So what are Eddie’s 7 traits to win? We all know that a positive mental attitude and a determination to succeed are essentials in sport but how does that work in business?
Here are two sporting examples: Trevor Bayliss transformed the national cricket side from slow and stodgy and beaten by the West Indies into Ashes winners within four Tests of taking charge, his compatriot Eddie Jones has now pulled off an Antipodean resuscitation perhaps even more remarkable. In five matches, Jones has not only ended a 13-year wait for a Grand Slam – with the 31-21 win over France – but done so with a team that should have its best days ahead, and in a place where victories will always be that little bit sweeter.
So how can two coaches transform the same group of players from under performing into potential world beaters?
Both coaches take emotion out of their work there is no room for a lack of honesty, so what are the 7 traits these coaches use for success?
1) Positivity: An ability to take positives and use them effectively and to identify talent that is good enough whatever the age and experience. This is evident in the switching of Robshaw from open side to blind side where his talents are more suited and the introduction of Itoje whose talent lit up the last two matches. Negativity and doubt destroy confidence and neuter creativity as fear dominates innovation. Positivity is the father of confidence and creativity.
2) Clarity: Comes from knowing what you have to do and Jones brings that in abundance. An example is the use of the two scrum halves for the last two very different games; one where process and procedures needed to be followed and one where genius and freedom were allowed to expose a dogged French Defence.
3) Confidence: Jones has a wonderful pedigree in International and Premiership rugby. He is not afraid to make the tough calls and one merely has to look at the decision to replace Robshaw as the captain with Hartley a man with a ruthless streak and a die-hard attitude that has led to him missing several international and premiership games for disciplinary reasons. Jones knew what he needed and where to find it.
4) Courage: Jones has that in abundance he is his own man and someone who makes his own decisions. Coaches are his lieutenants and this can be seen clearly in his decision on Hartley’s captaincy but also on his decision to retain Robshaw within the team.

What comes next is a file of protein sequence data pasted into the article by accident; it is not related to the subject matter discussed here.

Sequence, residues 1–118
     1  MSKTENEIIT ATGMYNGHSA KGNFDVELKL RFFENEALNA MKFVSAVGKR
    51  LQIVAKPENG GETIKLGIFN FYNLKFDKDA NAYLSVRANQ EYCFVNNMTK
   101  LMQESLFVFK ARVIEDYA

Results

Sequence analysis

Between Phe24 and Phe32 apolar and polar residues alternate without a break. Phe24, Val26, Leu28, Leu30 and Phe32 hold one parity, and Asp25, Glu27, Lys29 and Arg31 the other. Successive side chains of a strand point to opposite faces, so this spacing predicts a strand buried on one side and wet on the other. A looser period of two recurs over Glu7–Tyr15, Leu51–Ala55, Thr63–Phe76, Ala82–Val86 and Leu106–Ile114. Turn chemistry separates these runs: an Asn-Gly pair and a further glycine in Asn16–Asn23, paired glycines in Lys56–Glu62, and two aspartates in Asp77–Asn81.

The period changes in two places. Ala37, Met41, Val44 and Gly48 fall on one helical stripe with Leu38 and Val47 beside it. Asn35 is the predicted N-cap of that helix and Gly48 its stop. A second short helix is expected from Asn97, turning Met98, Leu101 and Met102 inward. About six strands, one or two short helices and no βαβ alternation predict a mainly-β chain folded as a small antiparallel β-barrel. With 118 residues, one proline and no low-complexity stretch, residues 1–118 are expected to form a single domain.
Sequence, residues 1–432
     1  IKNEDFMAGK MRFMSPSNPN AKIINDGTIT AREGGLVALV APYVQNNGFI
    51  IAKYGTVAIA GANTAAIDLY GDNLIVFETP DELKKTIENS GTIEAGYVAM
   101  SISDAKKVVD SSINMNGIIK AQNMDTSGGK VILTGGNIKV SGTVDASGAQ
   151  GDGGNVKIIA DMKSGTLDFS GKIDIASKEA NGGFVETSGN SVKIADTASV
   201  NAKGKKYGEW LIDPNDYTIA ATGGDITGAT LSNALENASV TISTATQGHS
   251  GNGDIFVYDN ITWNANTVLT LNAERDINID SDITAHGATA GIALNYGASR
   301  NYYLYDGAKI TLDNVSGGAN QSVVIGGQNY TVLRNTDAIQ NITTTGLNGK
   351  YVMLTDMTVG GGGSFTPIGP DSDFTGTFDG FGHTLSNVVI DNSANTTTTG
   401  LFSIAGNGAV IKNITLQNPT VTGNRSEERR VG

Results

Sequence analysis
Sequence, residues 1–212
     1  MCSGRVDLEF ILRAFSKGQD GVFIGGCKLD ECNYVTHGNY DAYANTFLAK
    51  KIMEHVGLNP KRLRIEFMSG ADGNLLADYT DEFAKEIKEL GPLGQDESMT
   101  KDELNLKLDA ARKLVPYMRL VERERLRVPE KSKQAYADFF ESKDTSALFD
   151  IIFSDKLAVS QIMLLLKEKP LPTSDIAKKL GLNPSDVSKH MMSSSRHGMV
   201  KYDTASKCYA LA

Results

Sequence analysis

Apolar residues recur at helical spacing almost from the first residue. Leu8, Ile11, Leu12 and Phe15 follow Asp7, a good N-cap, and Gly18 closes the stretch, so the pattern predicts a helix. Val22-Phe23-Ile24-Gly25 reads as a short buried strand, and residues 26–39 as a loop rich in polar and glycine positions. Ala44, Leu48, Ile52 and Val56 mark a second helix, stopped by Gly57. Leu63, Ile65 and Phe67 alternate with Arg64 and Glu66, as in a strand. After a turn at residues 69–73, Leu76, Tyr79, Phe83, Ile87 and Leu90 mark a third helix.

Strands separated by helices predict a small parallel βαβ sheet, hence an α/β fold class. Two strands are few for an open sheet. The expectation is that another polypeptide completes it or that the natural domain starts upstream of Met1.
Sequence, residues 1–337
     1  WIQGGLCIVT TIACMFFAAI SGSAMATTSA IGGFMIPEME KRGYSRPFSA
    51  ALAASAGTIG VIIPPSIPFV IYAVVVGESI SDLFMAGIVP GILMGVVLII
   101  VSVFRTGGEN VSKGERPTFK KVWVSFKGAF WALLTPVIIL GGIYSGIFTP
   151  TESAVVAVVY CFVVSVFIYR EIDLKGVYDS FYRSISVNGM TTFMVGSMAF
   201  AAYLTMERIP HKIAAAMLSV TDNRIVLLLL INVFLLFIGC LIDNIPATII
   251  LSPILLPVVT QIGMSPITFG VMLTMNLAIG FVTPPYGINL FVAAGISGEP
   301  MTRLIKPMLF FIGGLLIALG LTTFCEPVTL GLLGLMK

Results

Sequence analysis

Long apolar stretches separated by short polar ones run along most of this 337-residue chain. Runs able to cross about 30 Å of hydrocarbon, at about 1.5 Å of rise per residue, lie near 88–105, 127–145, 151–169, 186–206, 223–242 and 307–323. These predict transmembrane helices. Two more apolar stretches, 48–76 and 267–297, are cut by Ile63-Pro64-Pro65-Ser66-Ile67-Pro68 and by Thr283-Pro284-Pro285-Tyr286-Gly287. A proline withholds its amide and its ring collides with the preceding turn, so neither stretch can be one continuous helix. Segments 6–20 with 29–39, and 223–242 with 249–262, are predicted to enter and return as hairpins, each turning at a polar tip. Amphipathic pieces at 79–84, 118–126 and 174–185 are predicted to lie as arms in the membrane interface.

5) Freedom: Jack Welch once said “If you pick the right people and give them the opportunity to spread their wings ……… you almost don’t have to manage them.” And I think once Jones had decided his plan he gave his players the freedom to carry it out. They were the ones on the field and whilst this led to some mistakes the positivity it brought far outweighed the stagnation that total control brings with it particularly when people are at the peak of their powers.
6) Ingenuity and adaptation: You play the team in front of you and you play it with your best players- the best players to win that match however if it is not working you change it. If we look at the prop situation with Joe Marler and Mako Vunipola. Marler was possibly not available awaiting a possible ban so Jones trained and built his team for France with Vunipola, however, as the French scrummage was becoming more dominant he quickly switched back to Marler.
7) Ruthlessness: Is an essential ingredient of success and great sporting teams it is achieved as much as anything by a refusal to yield when reasons to yield are all around, by a cussedness as much as a cavalier spirit, by an ability to wriggle out of tight spots and to secure the tight, tense wins. Hark back to Martin Johnson’s decision to go left in Dublin, Ireland as part of the initial protocol. It is the ability to laugh in the face of adversity and the courage to continue whatever the circumstances blended with the determination to win and the unselfishness to do it as a team. All are the ingredients of my former career in The Royal Marines and all can be measured using our Mental Toughness test.
Have you got what it takes to make the right call, have the courage and determination to be a winner in business?
Take the Business Profiles Mental Toughness test, designed in conjunction with former England Rugby Coach, Sir Clive Woodward and see how you perform. The test delivers three reports, one for development, one for coaching and one for recruitment.
Phil Sampson, expert in strategy, leadership, individual and organisational development, culture and team cohesion.
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